MORGANTOWN, W.Va. — For a revealing epilogue on Oklahoma State’s third consecutive win over West Virginia, let’s make our weekly trip inside the film room to break down 50-39:
Who could’ve guessed that WVU’s most impactful No. 25 would be freshman walk-on Osman Kamara and not Justin Crawford? His blocked punt jolted Milan Puskar Stadium to life and earned some scouting kudos for the Mountaineers’ much-maligned special teams.
On the right edge, Oklahoma State’s Za’Carrius Green (18) blocks down against Martell Pettaway, leaving the wide-split Kamara a free rush. This wasn’t necessarily a mistake by Green.
“We had seen on film where they weren’t consistently taking care of outside pressure,” said West Virginia special teams coach Mark Scott. “A lot of times their guys would just up and release and try to let operation time take care of it.”
In this case, “operation time” became an eternity for punter Zach Sinor, who’s leisurely approach allowed Kamara to race in.
“We flipped our inside pressure,” Scott said, “and we were able to draw that shied and get our guys free off the edge.”
Speaking of the shield, Logan Thimons scissored right through it and might have blocked the punt if not for Kamara getting there first.
Sills faults himself for first interception
Will Grier’s four-interception game represented quite a plunge for the All-American candidate. But West Virginia’s other All-American candidate, David Sills, blamed himself for throwing off the timing on this turnover.
Notice linebacker Chad Whitener (45) creeping closer to the line pre-snap? Sills noticed it and anticipated Grier throwing to the outside window. When Whitener retreated into zone coverage, the receiver slowed coming out of his break, which meant bad tidings when Grier threw into the inside window.
“I could been a little bit faster though there,” Sills said. “I wasn’t sure whether Will wanted to put it behind the linebacker or in front of him, so I was a little hesitant going through.
“If I wasn’t hesitant then it would’ve been right in stride. Something very small but it turned into something big. When we we’re looking back at the film, it looked like I wasn’t going as fast I could through there, so I’m going to take the blame for that one.”
Passing game thrown off
Pass-game timing mistakes became so rampant you would’ve guessed it was Week 1, and offensive coordinator Jake Spavital saw “some things we hadn’t done all year.”
Here, Grier throws two more interceptions with neither receiver expecting the ball.
First clip: Gary Jennings ran down the seam but only safety Jerel Morrow made a play on the pass. “That’s a play that Gary has actually scored on and Gary wasn’t looking at that one,” Spavital said.
(Aside to the throw: Grier’s mechanics weren’t the sharpest Saturday, and his left foot slipped on this release, causing the ball to sail.)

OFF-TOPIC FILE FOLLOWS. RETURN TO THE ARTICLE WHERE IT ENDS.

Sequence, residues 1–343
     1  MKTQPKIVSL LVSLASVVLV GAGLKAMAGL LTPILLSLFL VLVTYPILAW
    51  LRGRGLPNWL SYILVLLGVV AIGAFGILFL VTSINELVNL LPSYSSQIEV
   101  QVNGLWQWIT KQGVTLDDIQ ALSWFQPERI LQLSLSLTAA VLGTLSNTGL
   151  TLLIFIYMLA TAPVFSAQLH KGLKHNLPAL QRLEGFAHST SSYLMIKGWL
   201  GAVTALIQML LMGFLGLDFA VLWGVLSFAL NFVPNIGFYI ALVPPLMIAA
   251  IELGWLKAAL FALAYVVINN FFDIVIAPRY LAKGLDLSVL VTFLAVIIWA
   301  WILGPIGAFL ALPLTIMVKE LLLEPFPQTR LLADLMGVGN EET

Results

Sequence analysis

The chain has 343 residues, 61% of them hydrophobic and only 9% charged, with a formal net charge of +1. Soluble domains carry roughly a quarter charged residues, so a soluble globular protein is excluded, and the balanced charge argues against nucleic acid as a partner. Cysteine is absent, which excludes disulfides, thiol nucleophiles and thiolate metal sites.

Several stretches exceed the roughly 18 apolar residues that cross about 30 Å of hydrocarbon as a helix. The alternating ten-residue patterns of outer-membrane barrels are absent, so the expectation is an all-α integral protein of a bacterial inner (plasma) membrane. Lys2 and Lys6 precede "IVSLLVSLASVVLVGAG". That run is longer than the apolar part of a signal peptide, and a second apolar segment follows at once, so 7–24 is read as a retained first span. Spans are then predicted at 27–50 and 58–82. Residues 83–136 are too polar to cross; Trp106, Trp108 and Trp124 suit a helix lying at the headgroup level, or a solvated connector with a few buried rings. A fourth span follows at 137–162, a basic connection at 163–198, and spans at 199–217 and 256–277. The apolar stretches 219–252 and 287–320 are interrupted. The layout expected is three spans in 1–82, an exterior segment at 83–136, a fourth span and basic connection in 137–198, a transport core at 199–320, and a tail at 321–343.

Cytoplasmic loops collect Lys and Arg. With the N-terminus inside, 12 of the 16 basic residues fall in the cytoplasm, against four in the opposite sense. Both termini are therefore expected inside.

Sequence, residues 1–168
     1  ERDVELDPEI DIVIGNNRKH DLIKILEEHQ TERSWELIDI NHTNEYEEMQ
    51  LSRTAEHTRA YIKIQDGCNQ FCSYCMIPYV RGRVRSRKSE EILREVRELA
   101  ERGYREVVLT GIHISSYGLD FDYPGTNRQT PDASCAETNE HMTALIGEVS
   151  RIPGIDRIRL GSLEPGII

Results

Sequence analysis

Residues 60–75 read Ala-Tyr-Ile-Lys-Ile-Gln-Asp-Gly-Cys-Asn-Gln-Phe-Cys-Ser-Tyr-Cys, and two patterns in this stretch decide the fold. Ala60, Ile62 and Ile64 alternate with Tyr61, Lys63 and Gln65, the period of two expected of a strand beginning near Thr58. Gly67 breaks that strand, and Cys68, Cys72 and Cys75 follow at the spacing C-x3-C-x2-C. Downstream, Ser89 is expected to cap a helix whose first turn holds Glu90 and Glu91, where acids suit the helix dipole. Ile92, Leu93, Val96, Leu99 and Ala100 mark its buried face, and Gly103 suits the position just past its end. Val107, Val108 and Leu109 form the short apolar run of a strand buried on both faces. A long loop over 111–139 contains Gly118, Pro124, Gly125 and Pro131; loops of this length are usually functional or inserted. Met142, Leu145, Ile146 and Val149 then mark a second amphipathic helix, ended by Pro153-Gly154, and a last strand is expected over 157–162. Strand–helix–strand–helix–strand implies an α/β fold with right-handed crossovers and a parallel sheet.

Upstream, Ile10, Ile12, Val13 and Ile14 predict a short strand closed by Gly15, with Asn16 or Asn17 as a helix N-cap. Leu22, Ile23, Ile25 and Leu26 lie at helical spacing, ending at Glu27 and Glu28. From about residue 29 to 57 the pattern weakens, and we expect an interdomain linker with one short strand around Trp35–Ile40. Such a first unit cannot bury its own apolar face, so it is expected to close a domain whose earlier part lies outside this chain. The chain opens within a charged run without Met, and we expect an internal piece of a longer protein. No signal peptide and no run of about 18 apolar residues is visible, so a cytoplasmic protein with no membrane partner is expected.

Second clip: Oklahoma State’s blitz brought linebacker Calvin Bundage (1) stunting up the middle so Grier hurries a throw down the sideline.
“We missed a three technique up front so there’s a guy in Will’s face,” Spavital said. “He was trying to throw that one out of bounds and just didn’t get it there.”
With the corner giving such a cushion, Simms’ normally shuts down the route. But here he takes it deep, Grier’s back-foot pass wobbles, and cornerback A.J. Green intercepts.
The Mountaineers converted 2-of-15 third downs, an abysmal percentage that turned comical here when Matt Jones’ premature snap resulted in a 11-yard loss.
Notice Ka’Raun White and Sills swapping spots at the bottom of the screen? That was because WVU wanted Sills lined up outside against zone and inside against press man.
Grier yelled “easy, easy” at his linemen, giving the receivers time to flop. Every lineman heard the cue to hold, except the one with his fingers on the football.
“Matt actually made a great protection call on it, but it just wasn’t supposed to be snapped at that point,” Spavital said. “You see Matt make his point and snap it while everyone was waiting.”
Because two receivers were shifting at the snap, WVU hoped for a false start penalty to pre-empt the play and prompt a third-and-12 do-over. Instead, it became punting time.
The Dravon Askew-Henry of 2017 has not approached the 2015 version. No doubt 2016’s knee injury is to blame, but whatever the origin of the safety’s funk, defensive coordinator Tony Gibson said “he needs to snap out of it.”
In this three-clip sequence of plays not made, we begin with Justice Hill’s 39-yard run — a chunk play unleashed by Askew-Henry’s poor backside angle unleashing Normally a free safety, he shifted to Bandit to compensate for Toyous Avery’s hand injury. Not that his coach enlists the position move as an excuse.